Press Release: Ruth Okediji, leading IP scholar, joins Global Access in Action as Co-Director
Ruth Okediji, a leading scholar in international intellectual property law and global economic regulation, joined Global Access in Action as Co-Director.
One of the foremost authorities on international intellectual property law in developing countries, Okediji holds an endowed chair at the Law School and also serves on the board of directors of the Berkman Klein Center for Internet & Society at Harvard University. She previously held the William L. Prosser Professorship and a McKnight Presidential Professorship at the University of Minnesota Law School, where she from 2003 to 2016. In 2015–2016, she was the Hieken Visiting Professor in Patent Law at Harvard Law School.
“Ruth Okediji is one of the world’s most influential scholars in intellectual property law and innovation. We are eager to have her input and expertise as we partner with developing countries to address the misalignments between their public health objectives and their intellectual property, trade, and innovation policies,” said Professor William Fisher, one of GAiA’s co-directors and a colleague at Harvard Law School.
Said Okediji: “I am delighted to join GAiA. I look forward to working with my co-directors and GAiA’s staff on the many complex issues at the intersection of law and public health both nationally and globally.”
Professor Okediji’s scholarship focuses on the international regulatory environment for knowledge goods, innovation policy and global knowledge governance. She has authored an extensive array of articles, commissioned papers and book chapters on the international patent system, international copyright law, technology transfer and economic development. Professor Okediji has served as a policy advisor to many inter-governmental organizations, regional economic communities and national governments on the formulation of copyright and patent policies, and on institutional design choices related to IP administration. Her work has served to guide and influence government policies in sub-Saharan Africa, the Caribbean and Latin America on national strategies for the implementation of the WTO’s Agreement on Trade-Related Aspects of Intellectual Property Rights (TRIPS Agreement).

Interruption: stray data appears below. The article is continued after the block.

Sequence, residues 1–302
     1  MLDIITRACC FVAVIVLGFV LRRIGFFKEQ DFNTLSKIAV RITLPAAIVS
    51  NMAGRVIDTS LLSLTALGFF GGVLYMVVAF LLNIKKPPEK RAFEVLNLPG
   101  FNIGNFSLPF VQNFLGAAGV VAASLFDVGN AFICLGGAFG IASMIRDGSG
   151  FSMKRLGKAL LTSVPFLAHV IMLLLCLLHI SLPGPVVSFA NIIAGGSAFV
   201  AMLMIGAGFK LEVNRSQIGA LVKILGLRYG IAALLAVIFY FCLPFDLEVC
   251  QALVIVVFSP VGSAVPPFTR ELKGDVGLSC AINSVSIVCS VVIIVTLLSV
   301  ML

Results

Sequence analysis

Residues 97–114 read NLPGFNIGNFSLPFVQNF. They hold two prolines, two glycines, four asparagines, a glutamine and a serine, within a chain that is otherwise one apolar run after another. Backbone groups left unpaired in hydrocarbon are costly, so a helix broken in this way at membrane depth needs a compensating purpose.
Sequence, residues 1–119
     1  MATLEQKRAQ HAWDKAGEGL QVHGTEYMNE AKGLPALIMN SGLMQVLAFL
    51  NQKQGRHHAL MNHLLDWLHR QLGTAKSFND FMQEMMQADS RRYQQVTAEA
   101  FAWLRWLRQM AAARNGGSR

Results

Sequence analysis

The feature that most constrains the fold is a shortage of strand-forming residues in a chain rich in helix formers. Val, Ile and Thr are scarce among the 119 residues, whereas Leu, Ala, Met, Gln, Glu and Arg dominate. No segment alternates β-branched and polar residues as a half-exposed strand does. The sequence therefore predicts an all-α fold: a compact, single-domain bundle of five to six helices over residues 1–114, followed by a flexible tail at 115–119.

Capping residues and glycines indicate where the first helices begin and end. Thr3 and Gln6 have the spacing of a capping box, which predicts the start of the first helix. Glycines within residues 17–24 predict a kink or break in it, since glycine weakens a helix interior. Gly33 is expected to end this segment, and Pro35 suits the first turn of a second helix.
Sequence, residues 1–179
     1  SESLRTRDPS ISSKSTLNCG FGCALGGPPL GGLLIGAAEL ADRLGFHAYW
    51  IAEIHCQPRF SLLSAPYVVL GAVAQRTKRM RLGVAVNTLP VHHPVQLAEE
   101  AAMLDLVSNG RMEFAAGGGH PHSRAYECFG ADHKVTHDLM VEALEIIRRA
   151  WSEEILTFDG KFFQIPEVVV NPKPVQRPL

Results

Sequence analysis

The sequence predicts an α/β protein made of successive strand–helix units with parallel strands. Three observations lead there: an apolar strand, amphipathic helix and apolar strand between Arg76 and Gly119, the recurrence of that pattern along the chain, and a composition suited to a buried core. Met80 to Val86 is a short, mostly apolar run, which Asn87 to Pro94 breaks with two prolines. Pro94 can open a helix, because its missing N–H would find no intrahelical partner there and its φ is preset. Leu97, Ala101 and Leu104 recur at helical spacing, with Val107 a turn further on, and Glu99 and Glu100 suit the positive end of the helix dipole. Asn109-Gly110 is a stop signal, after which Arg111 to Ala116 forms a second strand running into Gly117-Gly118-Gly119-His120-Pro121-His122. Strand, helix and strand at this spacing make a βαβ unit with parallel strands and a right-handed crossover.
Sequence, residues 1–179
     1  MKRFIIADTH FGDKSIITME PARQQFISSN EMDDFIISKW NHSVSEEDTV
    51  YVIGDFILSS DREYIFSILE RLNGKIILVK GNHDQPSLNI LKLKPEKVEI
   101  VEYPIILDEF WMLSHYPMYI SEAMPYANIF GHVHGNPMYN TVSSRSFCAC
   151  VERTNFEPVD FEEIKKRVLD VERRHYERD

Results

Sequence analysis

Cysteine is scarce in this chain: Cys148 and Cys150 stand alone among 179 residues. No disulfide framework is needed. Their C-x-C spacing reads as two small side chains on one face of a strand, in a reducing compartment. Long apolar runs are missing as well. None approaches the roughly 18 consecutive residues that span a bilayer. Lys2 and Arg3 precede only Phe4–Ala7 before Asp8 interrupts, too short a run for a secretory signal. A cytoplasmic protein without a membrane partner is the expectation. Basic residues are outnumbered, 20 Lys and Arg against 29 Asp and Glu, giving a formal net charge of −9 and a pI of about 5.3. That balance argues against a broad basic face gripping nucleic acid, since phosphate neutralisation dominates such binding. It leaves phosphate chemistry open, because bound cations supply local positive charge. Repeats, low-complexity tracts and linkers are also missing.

From 2011 to 2012, Professor Okediji was a member of the National Academies’ Board on Science, Technology and Policy Committee on the Impact of Copyright Policy on Innovation in the Digital Era. In 2013, she served as the Chief Technical Expert and Lead Negotiator for the Delegation of Nigeria to the WIPO Diplomatic Conference to Conclude a Treaty to Facilitate Access to Published Works by Visually Impaired Persons and Persons with Print Disabilities (Marrakesh VIP Treaty). In this capacity, she also provided technical assistance to the 54 member states of the Africa Group. Professor Okediji works closely with several United Nations agencies, regional inter-governmental organizations and national governments on various aspects of innovation and IP policy, including access to knowledge, access to essential medicines and issues related to indigenous innovation systems.
Over the course of her career, Professor Okediji has received numerous teaching and service awards. In 2013, she received the Stanley V. Kinyon Tenured Professor Award for the best tenured professor at the University of Minnesota Law School. Professor Okediji has previously received awards from other law schools, including the Professor Most Likely To Go Beyond the Call of Duty, the Regents Superior Teaching Award and the Student Bar Association’s Outstanding Professor Award. She has taught at Emory Law School, Duke University School of Law, the University of Haifa Law School (Israel), and University of Tilburg Law School (The Netherlands) and as a Distinguished Visiting Professor at the University of Toronto. The Curatorium of the Hague Academy of International Law recently selected Professor Okediji to teach at its 2018 session in Paris, France.
Professor Okediji is a graduate of the University of Jos and Harvard Law School.
About Global Access in Action:
Global Access in Action, a project of the Berkman Klein Center for Internet & Society at Harvard University, seeks to expand access to lifesaving medicines and combat the communicable disease burden that disproportionately harms the world’s most vulnerable populations. We accomplish this by conducting action-oriented research, supporting breakthrough initiatives, facilitating stakeholder dialogue, and providing policy advice to pharmaceutical firms on best practices to increase impact. GAIA uses its pragmatic and neutral viewpoint to enable dialogue across traditional boundaries between government, industry, nonprofits, and academia, and to promote new, innovative solutions amongst these parties to create better outcomes.